Joe Tarver is the Founder of Cycle for Life and Rock and Roll Cycles in Lubbock Texas.
Disability, depending on the form, can greatly limit social interactions. This can result in negative impacts on a disabled individual’s mental health and sense of social belonging. Joe Tarver of Rock and Roll Cycles says that this is where therapeutic or adaptive bikes come into play.
Therapeutic bicycles open up an avenue for exercise and social activities previously inaccessible to disabled individuals. Exercise has long been known to boost mood, confidence, and reduce stress. This, combined with social inclusion proves that therapeutic bikes are highly beneficial.
Joe Tarver also explains that the benefits of cycling might be surprising to some. Simply providing alternate forms of bikes can open the door to those for whom cycling was only a dream.
Rock and Roll Cycles and Therapeutic Bikes
The label therapeutic or adaptive cycles describes a wide range of bikes, many of which are not bicycles, but tricycles explains Joe Tarver of Rock and Roll Cycles. These trike-bikes are designed with various disabilities in mind.
Some of these include spina bifida, cerebral palsy, multiple sclerosis, and paralysis. These therapeutic bikes can be modified to assist with balance, provide alternative pedaling methods, and more.
Common Adaptive Bike Styles
Therapeutic or adaptive bikes come in many forms, and below Joe Tarver of Rock and Roll Cycles lists the most common:
- Recumbent bicycles & tricycles
- Tandem bikes
- Carrier bikes
Trikes and recumbent trikes provide great stability for riders, while recumbent versions of bikes and trikes provide better weight distribution. Trikes can come in various styles as well, with 2 back wheels and 1 front wheel (like many common tricycles) – or with the option to have 1 wheel in the back, with 2 in front explains Joe Tarver of Rock and Roll Cycles.
Handcycles allow riders to power the tricycle with their arms instead of their legs. These trikes are closest to recumbent trikes in style.
Tandem and carrier bikes are similar in that two people are on the same bike but different in method. Tandem bikes allow both riders to power the bike while one steers. Carrier bikes are designed for wheelchair users to ride along on the bike.
Psychological Benefits of Therapeutic Bikes
No matter the style, adaptive cycles can be great for the rider’s mental well-being. First, there are the physiological effects of exercise by cycling. Then, there are the effects on one’s psyche.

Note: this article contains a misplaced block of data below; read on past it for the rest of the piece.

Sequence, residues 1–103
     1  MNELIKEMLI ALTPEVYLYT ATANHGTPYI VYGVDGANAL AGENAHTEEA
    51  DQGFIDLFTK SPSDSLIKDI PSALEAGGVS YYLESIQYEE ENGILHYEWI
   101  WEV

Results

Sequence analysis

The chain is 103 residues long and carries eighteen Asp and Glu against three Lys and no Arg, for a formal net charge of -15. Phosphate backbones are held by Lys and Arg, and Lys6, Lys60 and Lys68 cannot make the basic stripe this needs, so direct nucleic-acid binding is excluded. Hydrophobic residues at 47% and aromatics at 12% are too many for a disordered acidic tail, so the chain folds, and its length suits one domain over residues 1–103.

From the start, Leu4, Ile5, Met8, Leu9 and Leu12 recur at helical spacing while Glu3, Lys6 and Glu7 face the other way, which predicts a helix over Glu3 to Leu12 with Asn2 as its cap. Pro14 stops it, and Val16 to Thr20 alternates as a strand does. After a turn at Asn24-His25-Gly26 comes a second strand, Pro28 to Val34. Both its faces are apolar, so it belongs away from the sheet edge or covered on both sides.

After any moderate exercise, there is an increase of brain activity. Adults may experience reduced symptoms of depression and anxiety. Adults, as well as children can benefit from improved cognitive function after exercise explains Joe Tarver of Cycle for Life.
This is on top of stress relief, better sleep, and reduced fatigue. Each of these can have enormous long-lasting boosts to overall health and well-being. Not to mention the reduced risk of cardiovascular disease and other health risks.
Less measurable are the effects on an individual’s psyche. For those who have always had difficulty with forms of mobility or have had reduced mobility due to their disability, gaining or regaining a method of mobility can be extremely freeing.
Therapeutic cycles can provide a sense of freedom, joy and increased self-confidence says Joe Tarver of Rock and Roll Cycles. The near-universal pleasure from riding around town or out in nature should not be understated.
Social Benefits of Therapeutic Bikes
In addition to the benefits to mental health, therapeutic bikes can provide another way for disabled individuals to connect with friends, family, and the community. Naturally, this can provide further boosts to mental health, a sense of self and belonging.
Joe Tarver of Rock and Roll Cycles says that with adaptive bikes, cycling is more accessible than many other activities for the disabled. Cycling can be a great way to spend time with others and can be used to grow closer with friends and family as a bonding activity.
In a wider community sense, cycling can be a way to meet new people. This can be through community rides, races, and other events. Outside of these events, cycling can become a topic of conversation. A new way to relate with others can only improve social situations.
While the psychosocial benefits of adaptive bikes are many, it is important to note that cycling may not be an option for everyone with a disability. The common types of adaptive bikes can only accommodate certain disabled functions currently. However, with future innovative ideas, patents and technology, more inclusive riding may become available in the near future.
Restrictions aside, cycling is a great way for disabled individuals to have more freedom, maintain physical health, and improve their mental well-being.